Why is the number of women in manufacturing declining?

In the past few years, there has been a lot of discussion concerning the shortage of skilled workers in the manufacturing sector.

At the same time, while women make up 47 percent of the U.S. workforce, only 27 percent of manufacturing employees are female.

In fact, between February 2010 and April 2013, when sector jobs were on the rise, and 558,000 men were hired, an overall 28,000 manufacturing jobs were lost by women.

Where is the disconnect?

In an effort to find out, Congress and industry associations are focusing on this issue. A 2013 paper by the Joint Economic Committee of Congress analyzed women’s roles in light of manufacturing’s importance to the country’s economy. Recent signs of manufacturing revival in this country make it even more critical that companies have enough skilled workers available or momentum may stall.

Men have historically held more manufacturing jobs than women, except during World War II, when women filled in for men serving in the armed services. In recent decades, the peak employment figure was 32 percent in 1990, with declines posted every year since. This continued attrition while the industry is adding jobs points to a widening gap when the reverse might be expected.

Analyzing occupations provides further insights into where women are working within the sector. While women made up 27 percent of production employees in 2012, they held 62 percent of office and administrative positions.

However, they were in the minority in other white-collar categories such as professional (22 percent) and management (32 percent). In sales, they represented just over one-third of employees.

Perception plays a prominent role in creating this situation as it has in attracting employees of both genders. Manufacturing is regarded as hard and dirty work best performed by those with brute strength. This image was no doubt created by early working conditions in steel mills and other heavy industries.

But since much production has shifted to high-tech equipment, this idea is outdated. There are also positions for women in research and development and management, all of which require high levels of education and talent. With the range of goods produced in this country, there are many opportunities for interesting and rewarding work.

In 2014, the nonprofit organization Women in Manufacturing sponsored a survey of two groups – women between the ages of 17-24 and women already working in manufacturing. The aim was to discover student perceptions about careers in manufacturing and compare those to the reality female employees are experiencing. Thoughts about how to make manufacturing a more desirable choice for women were also explored.

As expected, those outside the industry didn’t consider it as a primary choice when deciding upon a career. In fact, only 10 percent of respondents chose manufacturing as a top five sector to explore. Fewer than half thought of positions in manufacturing as interesting and rewarding.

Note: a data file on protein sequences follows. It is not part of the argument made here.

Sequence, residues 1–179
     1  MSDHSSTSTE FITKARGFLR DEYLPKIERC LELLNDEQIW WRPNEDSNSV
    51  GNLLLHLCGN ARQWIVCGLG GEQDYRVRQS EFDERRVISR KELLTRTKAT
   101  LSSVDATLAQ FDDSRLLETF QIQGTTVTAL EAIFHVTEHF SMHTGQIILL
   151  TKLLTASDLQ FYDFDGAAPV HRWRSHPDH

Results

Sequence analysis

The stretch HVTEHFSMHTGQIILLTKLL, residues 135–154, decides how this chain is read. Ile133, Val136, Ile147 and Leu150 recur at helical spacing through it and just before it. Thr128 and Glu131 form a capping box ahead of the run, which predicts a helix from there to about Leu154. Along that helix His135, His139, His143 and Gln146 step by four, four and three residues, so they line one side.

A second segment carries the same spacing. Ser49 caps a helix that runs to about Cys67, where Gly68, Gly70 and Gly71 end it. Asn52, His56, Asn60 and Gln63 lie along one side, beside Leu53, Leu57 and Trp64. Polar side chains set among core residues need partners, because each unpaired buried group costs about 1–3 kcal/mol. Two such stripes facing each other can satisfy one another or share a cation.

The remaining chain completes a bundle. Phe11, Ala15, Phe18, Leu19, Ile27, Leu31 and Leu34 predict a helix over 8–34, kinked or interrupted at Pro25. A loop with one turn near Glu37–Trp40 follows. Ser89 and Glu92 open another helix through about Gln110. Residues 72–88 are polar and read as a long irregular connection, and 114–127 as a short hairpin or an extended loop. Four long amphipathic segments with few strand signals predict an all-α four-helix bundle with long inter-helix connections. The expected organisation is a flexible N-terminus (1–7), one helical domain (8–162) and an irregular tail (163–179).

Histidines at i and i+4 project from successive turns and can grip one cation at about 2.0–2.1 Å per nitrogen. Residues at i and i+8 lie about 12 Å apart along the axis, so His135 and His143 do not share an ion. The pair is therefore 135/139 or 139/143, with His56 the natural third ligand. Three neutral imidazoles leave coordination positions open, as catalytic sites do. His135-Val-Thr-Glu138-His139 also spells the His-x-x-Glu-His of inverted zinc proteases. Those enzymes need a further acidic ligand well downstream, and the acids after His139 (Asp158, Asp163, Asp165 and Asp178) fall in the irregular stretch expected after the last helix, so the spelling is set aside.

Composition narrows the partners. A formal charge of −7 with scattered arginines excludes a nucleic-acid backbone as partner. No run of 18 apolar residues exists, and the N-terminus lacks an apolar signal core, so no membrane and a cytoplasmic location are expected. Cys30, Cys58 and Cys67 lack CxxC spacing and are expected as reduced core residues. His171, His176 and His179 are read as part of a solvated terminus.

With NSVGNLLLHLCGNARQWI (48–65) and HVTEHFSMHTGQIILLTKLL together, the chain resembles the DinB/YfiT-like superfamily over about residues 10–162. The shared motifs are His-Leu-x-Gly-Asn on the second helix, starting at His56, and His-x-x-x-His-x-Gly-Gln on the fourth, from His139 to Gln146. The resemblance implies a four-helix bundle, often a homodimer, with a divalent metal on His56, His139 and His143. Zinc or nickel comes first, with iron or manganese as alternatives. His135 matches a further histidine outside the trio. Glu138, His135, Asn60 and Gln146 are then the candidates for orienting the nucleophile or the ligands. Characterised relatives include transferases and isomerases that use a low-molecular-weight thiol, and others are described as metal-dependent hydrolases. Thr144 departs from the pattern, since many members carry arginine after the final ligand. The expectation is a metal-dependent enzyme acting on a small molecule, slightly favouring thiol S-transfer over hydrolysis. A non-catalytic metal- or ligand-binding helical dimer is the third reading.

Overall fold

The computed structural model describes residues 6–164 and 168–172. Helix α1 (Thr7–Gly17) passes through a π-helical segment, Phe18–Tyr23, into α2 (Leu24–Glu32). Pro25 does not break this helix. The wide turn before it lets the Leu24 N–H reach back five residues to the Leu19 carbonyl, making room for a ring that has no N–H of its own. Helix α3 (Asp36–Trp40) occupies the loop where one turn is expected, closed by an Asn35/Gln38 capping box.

Women working in the industry held vastly different views. More than 80 percent felt that manufacturing offered interesting work, and three-quarters believed there were a variety of career paths available to women.

The majority also saw a lack of recruitment and retention efforts targeting women in their companies and feel this is an area that needs improvement. Based on this feedback and the worker shortage, companies might be well-advised to adjust their hiring practices and approaches.

The key question is, why isn’t the company attractive to women? Where are the gaps in skilled labor, and how do they match the available pool of female students and experienced workers?

The joint commission recommended a range of solutions to encourage women to seek positions in manufacturing. Changing the landscape of women’s employment across the sector needs to include initiatives both in education and in the private sector.

Recommendations include:

  • Focus on increasing the proficiency of young female students in STEM (science, technology, engineering and mathematics), starting in elementary school
  • Enroll more women at the community college and technical school level in courses related to careers in manufacturing
  • Promote more women to top roles, not only in management but in the executive suite and on company boards

Manufacturing is at a critical juncture. A sufficient supply of talented and trained workers is essential for gains to be maintained and built upon.

Better communication of the opportunities available to women while focusing on meeting women’s needs in the workplace will benefit both workers and companies seeking success. – Elizabeth Penney, M.B.A.